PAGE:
Marijuana is mainstream medicine. The Medical Cannabis program in New Jersey is expanding rapidly, and the adult use industry will soon expose even more residents to the therapeutic benefits of cannabis. As more and more people experience these benefits, health care professionals in the state must become comfortable incorporating cannabis use into the therapeutic regimens of their patients. This can be done most efficiently by requiring education on the Endocannabinoid System for all health care professionals in the state of New Jersey as a condition for continued licensure in the state.

The Jake Honig Act also called for “Institutional caregivers” in the state. These caregivers are employees of a health care facility who are authorized to assist registered qualifying patients, who are patients or residents of the facility, with the medical use of cannabis, including obtaining medical cannabis and assisting these patients with the administration of medical cannabis. Currently, most health care facilities forbid the use of medical cannabis in the facility. This is a dangerous and potentially fatal situation. A patient who suffers from seizures may be admitted to a health care facility and then denied access to the only medicine that controls their seizures--medical cannabis. I was part of a team that tried unsuccessfully to save a patient in Status Epilepticus, an unrelenting seizure condition, at Trenton Psychiatric Hospital in the early 1970’s. It was a tragic experience that I have never forgotten. It should not happen again.

In addition to the expanding medical cannabis program and the anticipated increase in cannabis users through the adult use program, it is my sincere hope that the state will recognize its responsibility to the institutionalized patients in New Jersey. For 25 years, I have worked as a registered nurse (RN) in the state prison system and at a state psychiatric hospital. I know that many patients in these institutions qualify for medical cannabis and could benefit greatly from it. The staff there is already trained to administer, account for, and evaluate the effect of controlled substances. There is no reason to withhold this important medical therapy from these patients. In fact, courts have determined that inmates are entitled to “community standards” of healthcare. Edible medical cannabis products will improve health care in state institutions, group homes, hospices, etc., and will reduce the costs of running these programs.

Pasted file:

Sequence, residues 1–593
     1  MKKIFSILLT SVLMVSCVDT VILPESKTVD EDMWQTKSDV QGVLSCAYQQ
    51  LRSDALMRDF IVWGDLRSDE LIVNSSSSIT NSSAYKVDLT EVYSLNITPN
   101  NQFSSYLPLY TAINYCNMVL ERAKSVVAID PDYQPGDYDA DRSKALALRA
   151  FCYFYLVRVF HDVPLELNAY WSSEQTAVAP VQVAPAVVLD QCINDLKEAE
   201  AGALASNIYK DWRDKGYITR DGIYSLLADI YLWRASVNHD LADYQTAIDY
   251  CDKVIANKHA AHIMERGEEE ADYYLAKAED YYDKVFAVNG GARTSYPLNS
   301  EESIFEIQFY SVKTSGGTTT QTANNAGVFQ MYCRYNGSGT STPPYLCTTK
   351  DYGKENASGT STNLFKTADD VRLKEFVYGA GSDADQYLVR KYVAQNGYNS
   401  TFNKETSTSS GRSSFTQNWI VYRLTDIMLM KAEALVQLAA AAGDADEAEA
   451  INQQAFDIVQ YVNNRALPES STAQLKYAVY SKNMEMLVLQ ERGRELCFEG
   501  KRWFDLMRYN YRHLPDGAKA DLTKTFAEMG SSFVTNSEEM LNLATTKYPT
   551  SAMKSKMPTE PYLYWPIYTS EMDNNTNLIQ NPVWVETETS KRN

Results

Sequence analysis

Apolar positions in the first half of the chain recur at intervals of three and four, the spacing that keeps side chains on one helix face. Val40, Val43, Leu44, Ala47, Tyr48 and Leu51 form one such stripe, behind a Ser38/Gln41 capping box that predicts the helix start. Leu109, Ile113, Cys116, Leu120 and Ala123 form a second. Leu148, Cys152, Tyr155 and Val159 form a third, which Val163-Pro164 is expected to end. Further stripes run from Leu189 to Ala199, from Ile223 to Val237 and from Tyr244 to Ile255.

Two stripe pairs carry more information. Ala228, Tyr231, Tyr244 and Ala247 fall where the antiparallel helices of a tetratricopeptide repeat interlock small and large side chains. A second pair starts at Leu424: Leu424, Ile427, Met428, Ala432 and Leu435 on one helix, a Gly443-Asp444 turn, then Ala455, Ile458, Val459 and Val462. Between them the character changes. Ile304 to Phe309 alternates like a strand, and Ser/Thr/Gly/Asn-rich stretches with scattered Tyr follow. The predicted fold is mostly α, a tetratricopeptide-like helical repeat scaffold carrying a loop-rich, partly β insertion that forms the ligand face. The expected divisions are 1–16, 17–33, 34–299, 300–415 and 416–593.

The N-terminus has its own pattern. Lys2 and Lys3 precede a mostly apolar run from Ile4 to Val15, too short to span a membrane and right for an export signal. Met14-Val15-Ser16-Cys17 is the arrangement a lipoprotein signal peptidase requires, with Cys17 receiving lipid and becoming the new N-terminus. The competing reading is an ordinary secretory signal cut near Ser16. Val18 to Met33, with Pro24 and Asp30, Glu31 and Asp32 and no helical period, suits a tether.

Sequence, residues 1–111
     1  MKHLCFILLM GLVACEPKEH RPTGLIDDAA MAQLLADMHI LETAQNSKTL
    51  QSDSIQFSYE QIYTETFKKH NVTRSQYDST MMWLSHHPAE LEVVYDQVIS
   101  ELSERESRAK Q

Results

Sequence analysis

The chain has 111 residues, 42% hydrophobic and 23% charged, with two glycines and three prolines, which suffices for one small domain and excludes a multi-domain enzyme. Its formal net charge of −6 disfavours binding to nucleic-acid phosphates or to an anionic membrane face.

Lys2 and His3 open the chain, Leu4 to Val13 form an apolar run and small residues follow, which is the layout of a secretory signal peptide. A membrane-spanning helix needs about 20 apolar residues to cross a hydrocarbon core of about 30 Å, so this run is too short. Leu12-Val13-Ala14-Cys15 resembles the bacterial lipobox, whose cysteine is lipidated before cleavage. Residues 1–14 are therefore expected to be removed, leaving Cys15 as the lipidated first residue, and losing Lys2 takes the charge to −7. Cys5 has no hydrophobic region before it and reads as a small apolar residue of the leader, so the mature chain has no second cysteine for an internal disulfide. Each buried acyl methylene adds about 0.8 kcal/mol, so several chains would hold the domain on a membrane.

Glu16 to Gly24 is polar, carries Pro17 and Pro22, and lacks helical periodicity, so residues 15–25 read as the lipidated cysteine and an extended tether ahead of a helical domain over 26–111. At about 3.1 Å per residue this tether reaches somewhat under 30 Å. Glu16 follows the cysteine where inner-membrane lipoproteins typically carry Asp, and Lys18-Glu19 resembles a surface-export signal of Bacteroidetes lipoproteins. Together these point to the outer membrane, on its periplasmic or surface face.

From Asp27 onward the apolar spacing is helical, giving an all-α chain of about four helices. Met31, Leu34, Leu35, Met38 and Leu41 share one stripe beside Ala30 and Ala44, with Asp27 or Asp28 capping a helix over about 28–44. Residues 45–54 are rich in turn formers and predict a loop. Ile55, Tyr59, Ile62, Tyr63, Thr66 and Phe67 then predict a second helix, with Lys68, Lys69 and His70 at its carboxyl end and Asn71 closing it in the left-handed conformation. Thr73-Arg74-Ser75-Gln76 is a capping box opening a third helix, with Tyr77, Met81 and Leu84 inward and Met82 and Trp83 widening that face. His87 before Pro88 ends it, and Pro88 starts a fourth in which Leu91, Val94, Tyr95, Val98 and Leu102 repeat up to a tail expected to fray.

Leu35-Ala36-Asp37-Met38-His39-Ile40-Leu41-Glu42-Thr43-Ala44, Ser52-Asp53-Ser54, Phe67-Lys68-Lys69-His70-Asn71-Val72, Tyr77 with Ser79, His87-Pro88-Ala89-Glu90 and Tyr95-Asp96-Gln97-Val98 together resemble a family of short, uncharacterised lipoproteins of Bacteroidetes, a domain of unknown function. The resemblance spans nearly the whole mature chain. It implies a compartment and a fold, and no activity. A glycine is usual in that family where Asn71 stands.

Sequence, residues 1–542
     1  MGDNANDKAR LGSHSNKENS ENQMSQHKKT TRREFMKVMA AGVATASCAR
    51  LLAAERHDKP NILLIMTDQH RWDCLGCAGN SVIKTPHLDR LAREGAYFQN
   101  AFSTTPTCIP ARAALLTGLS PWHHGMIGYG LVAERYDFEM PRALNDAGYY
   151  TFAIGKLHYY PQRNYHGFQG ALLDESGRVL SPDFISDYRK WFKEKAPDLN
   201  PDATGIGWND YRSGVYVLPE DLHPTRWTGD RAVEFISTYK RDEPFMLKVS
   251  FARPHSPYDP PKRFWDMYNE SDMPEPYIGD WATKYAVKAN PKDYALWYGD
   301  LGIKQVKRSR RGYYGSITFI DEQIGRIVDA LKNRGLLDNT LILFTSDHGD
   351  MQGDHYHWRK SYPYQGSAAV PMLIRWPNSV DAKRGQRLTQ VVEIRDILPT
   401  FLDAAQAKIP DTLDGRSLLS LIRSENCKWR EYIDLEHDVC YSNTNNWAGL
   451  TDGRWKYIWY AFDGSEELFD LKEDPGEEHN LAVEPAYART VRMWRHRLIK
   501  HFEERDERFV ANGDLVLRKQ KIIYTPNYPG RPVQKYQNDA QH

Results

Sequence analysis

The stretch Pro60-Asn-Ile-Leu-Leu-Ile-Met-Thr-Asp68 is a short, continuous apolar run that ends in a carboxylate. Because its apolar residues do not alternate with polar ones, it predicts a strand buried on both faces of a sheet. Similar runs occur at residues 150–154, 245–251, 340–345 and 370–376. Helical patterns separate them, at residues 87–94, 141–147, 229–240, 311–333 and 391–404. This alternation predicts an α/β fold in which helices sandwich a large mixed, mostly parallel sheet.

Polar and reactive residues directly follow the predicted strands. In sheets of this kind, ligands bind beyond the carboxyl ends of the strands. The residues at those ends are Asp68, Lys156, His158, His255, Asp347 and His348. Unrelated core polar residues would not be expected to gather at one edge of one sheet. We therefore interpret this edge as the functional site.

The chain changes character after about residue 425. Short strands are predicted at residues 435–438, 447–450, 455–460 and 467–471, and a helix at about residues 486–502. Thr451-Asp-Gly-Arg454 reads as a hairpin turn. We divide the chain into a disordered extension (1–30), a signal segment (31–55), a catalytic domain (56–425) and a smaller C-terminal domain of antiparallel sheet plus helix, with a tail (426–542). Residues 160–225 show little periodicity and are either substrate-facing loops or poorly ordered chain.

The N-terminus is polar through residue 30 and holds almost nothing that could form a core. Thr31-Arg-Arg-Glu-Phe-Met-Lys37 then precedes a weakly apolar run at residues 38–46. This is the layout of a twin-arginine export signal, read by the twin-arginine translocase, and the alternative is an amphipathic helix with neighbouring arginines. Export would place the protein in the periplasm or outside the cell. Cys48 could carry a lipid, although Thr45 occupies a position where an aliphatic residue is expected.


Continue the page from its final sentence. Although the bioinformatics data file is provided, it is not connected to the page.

2. Cannabis safety regulations must work in conjunction with food safety requirements to ensure consumer safety in using edible cannabis products. 

According to the NJ Department of Health: 
A person or entity that engages in the production, distribution, and/or sale of food to consumers shall:
1. Have a Cottage Food Operator Permit; or
2. Comply with applicable laws to retail food establishments.

The Food Innovation Center at Rutgers University supports established early-stage entrepreneurs and existing food companies from concept to commercialization. For more information, see: https://foodinnovation.rutgers.edu/

Additionally, the sale of edible cannabis products should require a license from the CRC to ensure compliance with production, testing, labeling, packaging, and distribution regulations.

3. Any form of edibles should be permitted as long as the regulatory procedures are followed in terms of their safe production, periodic testing, accurate labelling, secure packaging, and appropriate distribution. There should be no arbitrary exclusions placed on cannabis products.

Marijuana therapy is highly individualized. The amount that is used each day is determined by what is necessary to control the symptoms of the patient. Anything that patients need should be available to them. This includes a wide variety of edible products. 

Edibles are especially important for patients. Some patients simply cannot use inhaled types of cannabis either because of their medical conditions, or because of their living conditions.

The State of New Jersey has determined that cannabis has medically beneficial uses. It needs to be liberally available to those who are suffering due to lack of access to it.